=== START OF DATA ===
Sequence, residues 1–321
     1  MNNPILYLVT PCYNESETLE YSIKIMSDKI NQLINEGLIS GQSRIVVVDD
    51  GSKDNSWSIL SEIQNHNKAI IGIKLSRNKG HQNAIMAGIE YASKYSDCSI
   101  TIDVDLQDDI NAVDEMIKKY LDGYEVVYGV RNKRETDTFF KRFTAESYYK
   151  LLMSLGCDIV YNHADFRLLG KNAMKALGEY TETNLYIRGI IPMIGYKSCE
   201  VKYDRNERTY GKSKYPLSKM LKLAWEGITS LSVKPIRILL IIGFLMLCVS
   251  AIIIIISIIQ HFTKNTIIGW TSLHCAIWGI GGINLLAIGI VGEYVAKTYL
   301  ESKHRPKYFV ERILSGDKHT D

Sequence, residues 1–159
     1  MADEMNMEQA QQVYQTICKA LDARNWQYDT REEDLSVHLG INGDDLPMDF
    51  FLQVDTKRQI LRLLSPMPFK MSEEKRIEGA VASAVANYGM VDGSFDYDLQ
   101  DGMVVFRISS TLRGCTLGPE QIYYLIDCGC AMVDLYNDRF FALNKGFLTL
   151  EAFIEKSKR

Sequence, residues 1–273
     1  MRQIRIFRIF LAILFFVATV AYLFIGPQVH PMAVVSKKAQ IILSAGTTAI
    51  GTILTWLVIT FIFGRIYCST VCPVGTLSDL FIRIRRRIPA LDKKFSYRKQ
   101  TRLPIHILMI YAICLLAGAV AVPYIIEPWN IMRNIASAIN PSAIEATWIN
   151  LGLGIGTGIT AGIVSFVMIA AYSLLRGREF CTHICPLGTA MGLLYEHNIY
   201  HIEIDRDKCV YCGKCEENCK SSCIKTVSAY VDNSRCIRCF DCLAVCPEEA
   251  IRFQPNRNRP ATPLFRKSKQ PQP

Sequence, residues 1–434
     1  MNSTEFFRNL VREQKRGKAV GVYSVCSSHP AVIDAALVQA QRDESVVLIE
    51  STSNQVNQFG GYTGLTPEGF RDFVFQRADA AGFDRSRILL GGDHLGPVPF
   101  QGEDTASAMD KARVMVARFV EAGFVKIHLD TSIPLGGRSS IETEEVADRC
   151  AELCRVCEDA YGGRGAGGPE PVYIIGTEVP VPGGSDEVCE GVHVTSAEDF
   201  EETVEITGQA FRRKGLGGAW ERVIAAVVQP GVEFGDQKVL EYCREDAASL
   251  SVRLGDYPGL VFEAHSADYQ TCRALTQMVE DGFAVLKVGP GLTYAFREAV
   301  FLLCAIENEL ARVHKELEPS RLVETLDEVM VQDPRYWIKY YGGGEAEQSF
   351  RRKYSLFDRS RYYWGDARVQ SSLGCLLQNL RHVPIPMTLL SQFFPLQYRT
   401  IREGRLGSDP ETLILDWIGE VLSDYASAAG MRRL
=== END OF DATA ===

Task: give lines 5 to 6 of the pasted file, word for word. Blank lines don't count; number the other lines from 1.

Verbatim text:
   151  LLMSLGCDIV YNHADFRLLG KNAMKALGEY TETNLYIRGI IPMIGYKSCE
   201  VKYDRNERTY GKSKYPLSKM LKLAWEGITS LSVKPIRILL IIGFLMLCVS